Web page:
The speed of the ill-fated Amtrak train that derailed in Philadelphia on Tuesday night accelerated right before the crash, authorities revealed today.
Investigators with the National Transportation Safety Board have said the train was traveling in excess speeds of 100 mph at the time of the crash -- twice the speed limit in that section of track -- right before the crash.
The NTSB's Robert Sumwalt said the train's engineer, Brandon Bostian, has agreed to speak with investigators and they plan to do so sometime in "the next few days."
Bostian, 32, of Queens, New York, was “very distraught” to learn that the crash killed passengers in the crash, his attorney, Robert Goggin, told ABC News. He added that Bostian voluntarily turned over a blood sample and his cell phone and is cooperating with authorities.
"I asked him if he had any medical issues,” Goggin said. “He said he had none. He's on no medications. ... He has no health issues to speak of and just has no explanation.”
Sumwalt said video from inside the cabin shows that 65 seconds before the crash, the train’s speed went above 70 mph. Just 16 seconds before the end of the recording, the train’s speed went above 100 mph, Sumwalt added.
"Seconds into the turn, we could see the train tilting 10 degrees to the right,” he said.
That's when the train crashed and the recording went blank. It is unclear, however, whether the train speed was increased manually, investigators said.
Sumwalt said he wants to know Bostian's account of “what he recalls leading into this tragic event."
Amtrak CEO Joseph Boardman today released a statement about the crash, saying the company takes "full responsibility and deeply apologizes for our role in this tragic event."
"Passenger railroading is at its core about people; the safety of our passengers and employees was, is and always will be our No. 1 priority," read the statement from Boardman. "Our goal is to fully understand what happened and how we can prevent a similar tragedy from occurring in the future."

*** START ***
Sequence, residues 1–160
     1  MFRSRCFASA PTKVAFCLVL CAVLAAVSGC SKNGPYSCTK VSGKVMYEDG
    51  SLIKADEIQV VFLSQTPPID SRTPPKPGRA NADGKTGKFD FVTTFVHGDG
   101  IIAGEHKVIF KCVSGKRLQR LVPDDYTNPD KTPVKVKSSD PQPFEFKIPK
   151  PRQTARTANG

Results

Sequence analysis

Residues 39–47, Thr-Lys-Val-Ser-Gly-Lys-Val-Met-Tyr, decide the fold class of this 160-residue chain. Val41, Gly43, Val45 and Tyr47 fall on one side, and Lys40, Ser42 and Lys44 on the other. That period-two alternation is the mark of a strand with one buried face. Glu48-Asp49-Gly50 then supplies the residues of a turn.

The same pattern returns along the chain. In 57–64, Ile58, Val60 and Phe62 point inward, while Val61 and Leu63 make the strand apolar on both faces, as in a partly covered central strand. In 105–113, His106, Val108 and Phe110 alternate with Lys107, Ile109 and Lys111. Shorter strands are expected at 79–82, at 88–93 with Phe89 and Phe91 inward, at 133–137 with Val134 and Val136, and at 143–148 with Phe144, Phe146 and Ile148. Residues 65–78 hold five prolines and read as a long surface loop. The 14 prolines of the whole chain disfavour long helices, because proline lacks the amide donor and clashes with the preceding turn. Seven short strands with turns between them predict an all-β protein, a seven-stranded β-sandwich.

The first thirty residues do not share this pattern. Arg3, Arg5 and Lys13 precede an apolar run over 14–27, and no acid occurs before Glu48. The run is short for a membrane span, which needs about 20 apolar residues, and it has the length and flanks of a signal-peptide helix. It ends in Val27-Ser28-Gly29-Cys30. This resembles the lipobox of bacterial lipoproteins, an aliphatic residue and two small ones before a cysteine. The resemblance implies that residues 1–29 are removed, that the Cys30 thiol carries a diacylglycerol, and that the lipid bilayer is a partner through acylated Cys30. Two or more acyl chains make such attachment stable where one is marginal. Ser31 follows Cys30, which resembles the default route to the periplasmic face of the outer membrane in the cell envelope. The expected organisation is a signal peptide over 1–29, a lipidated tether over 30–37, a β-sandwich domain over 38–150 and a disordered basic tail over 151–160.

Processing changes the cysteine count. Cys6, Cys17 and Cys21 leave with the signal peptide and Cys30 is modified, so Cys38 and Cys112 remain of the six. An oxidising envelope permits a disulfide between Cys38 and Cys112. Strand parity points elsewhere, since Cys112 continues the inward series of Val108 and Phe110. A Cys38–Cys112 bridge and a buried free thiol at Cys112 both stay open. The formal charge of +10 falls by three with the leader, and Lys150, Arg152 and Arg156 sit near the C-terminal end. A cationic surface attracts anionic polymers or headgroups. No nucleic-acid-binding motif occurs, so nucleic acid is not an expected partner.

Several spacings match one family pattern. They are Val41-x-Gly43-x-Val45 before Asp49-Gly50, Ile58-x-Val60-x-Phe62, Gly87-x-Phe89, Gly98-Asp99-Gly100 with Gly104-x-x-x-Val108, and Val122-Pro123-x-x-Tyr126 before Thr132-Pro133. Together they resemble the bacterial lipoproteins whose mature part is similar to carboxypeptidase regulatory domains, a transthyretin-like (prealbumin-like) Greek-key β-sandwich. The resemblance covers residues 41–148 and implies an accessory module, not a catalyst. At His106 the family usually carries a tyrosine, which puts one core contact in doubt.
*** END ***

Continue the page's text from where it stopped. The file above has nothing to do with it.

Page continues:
Earlier today, Philadelphia Fire Commissioner Derrick Sawyer said that an eighth, and final, victim was found in the first car of the train at around 8 a.m. this morning with the help of cadaver dogs. He said that hydraulic tools were used "to open up the train a little bit" in order to retrieve the body. Laura Finamore, 47, and Bob Gildersleeve, Jr., 45, were the last victims to be identified.
Nutter added that they have now been able to confirm the whereabouts of all 243 people that investigators believed were on the train at the time of the crash.
Amtrak now faces at least one lawsuit regarding Tuesday's crash. One of its employees, who was injured, filed the suit today, alleging Amtrak acted negligently leading up to the derailment.
The lawsuit alleges Bruce Phillips suffered severe injuries, including a "traumatic brain injury," and "was violently hurled about the railcar, striking his body on numerous parts of the railcar interior, before slamming onto the floor." He asked for more than $150,000 in anticipated lost wages, according to the lawsuit.
An Amtrak official declined to comment on the lawsuit.
Service between New York and Philadelphia was expected to be suspended through next Monday while repairs were made to the affected track, Amtrak said in a statement.